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Chengdu Future Talented Management and Consulting Co., Ltd

Chengdu Future Talented Management and Consulting Co., Ltd (“Chengdu Future”), located in Chengdu, Sichuan Province, engages in a wide range of business consultancy services. Its main focus is to provide comprehensive consulting services in the areas of enterprise management, information systems, human resource management and operations engineering. It helps enterprises to develop and implement innovative solutions to enable their growth, improve their performance and efficiency and to resolve technical pain points to ensure their financial and operational stability. Chengdu Future plans to continue to expand the scope of its services and penetrate new markets across China.

Antelope Holdings (Chengdu) Co., Ltd.

Antelope Holdings (Chengdu) Co., Ltd., (“Antelope Chengdu”), located in Chengdu, Sichuan Province, engages in management consulting services including system process consulting, project analysis, financial analysis, and software products and services. It diagnoses difficulties in infrastructure and enterprise systems and addresses business challenges that enterprises confront by developing strategies to surmount such hurdles to ensure the healthy growth and development of its client companies. Its consulting teams have advanced technological knowledge and capabilities to implement workflow solutions via proprietary software products and services to help its enterprise clients with customized solutions to solve complex problems. Antelope Chengdu plans to continue to expand the scope of its services and penetrate new markets across China.

Hainan Kylin Cloud Services Technology Co., Ltd.

Hainan Kylin Cloud Services Technology Co., Ltd (“Hainan Kylin”), headquartered in Hainan Province, is an SAAS service platform that engages in online social media platforms including live streaming and e-commence platform development and consulting. Its online presence includes a human resources platform that matches enterprises with a wide range of freelance workers and entrepreneurs. It is a leader in online employment, includes technical, professional and the industrial supply chain job candidates, and replaces the traditional human resource structure. Its online platform also provides entrepreneurial business consulting, skills training, resources for self-employment, counseling, compensation payment system services and other financial services. The Hainan Kylin online employment platform is designed to save enterprises significant costs in recruiting and hiring and covers 32 provinces nationwide.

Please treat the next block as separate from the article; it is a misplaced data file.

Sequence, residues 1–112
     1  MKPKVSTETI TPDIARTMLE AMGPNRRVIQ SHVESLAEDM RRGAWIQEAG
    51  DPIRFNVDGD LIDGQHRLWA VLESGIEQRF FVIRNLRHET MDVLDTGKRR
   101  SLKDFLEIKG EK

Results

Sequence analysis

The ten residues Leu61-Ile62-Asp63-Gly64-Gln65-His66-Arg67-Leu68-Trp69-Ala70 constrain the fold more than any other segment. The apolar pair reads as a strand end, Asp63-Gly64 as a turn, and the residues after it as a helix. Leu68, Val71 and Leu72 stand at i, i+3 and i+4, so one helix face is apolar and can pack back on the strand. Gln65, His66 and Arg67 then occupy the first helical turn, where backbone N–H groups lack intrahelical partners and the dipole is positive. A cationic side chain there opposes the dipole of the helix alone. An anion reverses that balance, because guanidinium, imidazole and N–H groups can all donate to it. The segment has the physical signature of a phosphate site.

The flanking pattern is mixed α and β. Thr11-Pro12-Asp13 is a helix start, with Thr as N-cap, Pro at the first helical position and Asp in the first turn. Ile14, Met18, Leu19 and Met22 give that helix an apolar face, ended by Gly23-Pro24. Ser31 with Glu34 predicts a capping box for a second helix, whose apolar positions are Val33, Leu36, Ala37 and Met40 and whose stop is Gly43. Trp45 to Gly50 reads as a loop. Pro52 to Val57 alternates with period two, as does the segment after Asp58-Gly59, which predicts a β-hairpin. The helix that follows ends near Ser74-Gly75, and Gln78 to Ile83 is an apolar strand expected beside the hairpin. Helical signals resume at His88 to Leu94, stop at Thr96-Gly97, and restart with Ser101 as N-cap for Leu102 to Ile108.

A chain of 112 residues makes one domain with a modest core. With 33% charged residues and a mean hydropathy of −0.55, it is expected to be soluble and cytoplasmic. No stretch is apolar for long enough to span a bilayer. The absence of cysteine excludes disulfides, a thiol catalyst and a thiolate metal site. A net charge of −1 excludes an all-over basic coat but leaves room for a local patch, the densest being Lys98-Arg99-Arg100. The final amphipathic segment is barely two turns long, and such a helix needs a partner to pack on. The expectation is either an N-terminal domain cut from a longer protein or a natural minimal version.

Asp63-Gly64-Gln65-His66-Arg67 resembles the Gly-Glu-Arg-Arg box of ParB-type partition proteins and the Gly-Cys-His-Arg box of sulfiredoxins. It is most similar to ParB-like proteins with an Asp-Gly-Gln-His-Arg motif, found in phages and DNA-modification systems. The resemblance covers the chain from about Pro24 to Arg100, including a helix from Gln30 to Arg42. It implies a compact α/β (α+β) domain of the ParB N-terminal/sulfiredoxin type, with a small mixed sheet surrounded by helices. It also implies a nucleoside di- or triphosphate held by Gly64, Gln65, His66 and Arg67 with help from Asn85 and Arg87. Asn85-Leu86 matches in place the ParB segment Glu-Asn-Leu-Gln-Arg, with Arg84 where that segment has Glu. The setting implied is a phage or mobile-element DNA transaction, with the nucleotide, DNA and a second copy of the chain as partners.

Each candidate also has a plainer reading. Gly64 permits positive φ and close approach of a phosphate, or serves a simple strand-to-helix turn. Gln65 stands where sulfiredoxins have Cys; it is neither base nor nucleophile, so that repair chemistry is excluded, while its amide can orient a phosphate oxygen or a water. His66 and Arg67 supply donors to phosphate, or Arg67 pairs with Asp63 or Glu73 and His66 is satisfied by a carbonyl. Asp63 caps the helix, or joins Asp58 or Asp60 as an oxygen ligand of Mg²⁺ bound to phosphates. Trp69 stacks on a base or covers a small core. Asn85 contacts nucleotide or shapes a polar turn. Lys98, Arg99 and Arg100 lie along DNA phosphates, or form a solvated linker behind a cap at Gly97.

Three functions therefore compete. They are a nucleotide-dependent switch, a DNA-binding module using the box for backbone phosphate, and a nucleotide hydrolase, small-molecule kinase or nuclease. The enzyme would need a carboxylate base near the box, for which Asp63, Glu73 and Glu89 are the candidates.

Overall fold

Hainan Kylin also operates social e-commerce platforms such as Yunji E-Commerce, Leke Unicorn, Douyin Live, KK Live, and others. It currently operates as a multi-channel network, or influencer network, that works with live streaming video platforms to make their programming, partnerships digital rights, revenue and monetization effective. It plans to expand its live streaming online platforms by developing an array of professional anchor broadcasters, as well as discover and provide amateur anchors with training services, who would provide value-added content and services. Hainin Kylin integrates hundreds of Internet, blockchain and financial institutions on to its online platforms. Its growth plans include entry into digital entertainment such as video games, computer hardware digital products and e-sports.

The following table sets forth business management and consulting revenue for our major customers and the related percentage of our net revenue for fiscal year 2021:

2021

 

Customer Name

    

RMB'000

    

Percentage

 

Hangzhou Yajie Electronic Commerce Co., Ltd.

    

16,894

    

23.6

%

Shanghai Pufei Investment Management Co., Ltd

 

9,233

 

12.9

%

Wuhan Tianguzhiji Network Technology Co.,Ltd

 

8,058

 

11.3

%

Ningbo Qinzhouyanzhi Network Technology Co.,Ltd

 

6,573

 

9.2

%

Hangzhou Jitang Technology Co.,Ltd

 

3,891

 

5.4

%

Shanghai Zhihuizhiyun Information Technology Co., Ltd

 

3,724

 

5.2

%

Zhejiang Jilian Technology Co., Ltd

 

3,250

 

4.5

%

Ningbo Ximu Network Technology Co., Ltd

 

3,117

 

4.4

%

Hangzhou Daoxian Technology Co.,Ltd

 

3,011

 

4.2

%

Hangzhou Jiayu Technology Co.,Ltd

 

2,140

 

3.0

%

Our business and profitability of our business management and consulting segment is not materially dependent on any industrial, commercial or financial contract with any of our customers. None of our directors or executive officers or their respective affiliates has any interest, direct or indirect, in any of our customers.

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Governmental Regulations

Environmental Protection Regulations